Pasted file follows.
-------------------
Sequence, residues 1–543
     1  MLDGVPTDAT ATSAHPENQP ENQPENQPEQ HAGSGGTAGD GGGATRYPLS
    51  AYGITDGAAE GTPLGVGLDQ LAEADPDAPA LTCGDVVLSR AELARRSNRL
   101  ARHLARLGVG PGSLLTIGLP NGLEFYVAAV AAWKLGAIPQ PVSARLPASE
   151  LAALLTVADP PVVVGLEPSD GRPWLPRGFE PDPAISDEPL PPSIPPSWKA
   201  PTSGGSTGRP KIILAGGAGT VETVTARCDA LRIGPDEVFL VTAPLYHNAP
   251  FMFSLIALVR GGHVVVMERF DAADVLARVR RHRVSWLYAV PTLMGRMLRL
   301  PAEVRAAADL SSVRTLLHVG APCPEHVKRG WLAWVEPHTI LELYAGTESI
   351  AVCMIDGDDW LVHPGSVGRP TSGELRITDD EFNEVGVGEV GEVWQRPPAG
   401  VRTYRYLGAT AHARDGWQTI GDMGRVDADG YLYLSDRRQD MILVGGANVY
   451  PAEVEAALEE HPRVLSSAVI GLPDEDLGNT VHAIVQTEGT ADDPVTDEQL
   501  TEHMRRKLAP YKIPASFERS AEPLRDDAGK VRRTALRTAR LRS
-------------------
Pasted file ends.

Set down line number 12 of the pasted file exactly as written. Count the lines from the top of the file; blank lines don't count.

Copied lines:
   501  TEHMRRKLAP YKIPASFERS AEPLRDDAGK VRRTALRTAR LRS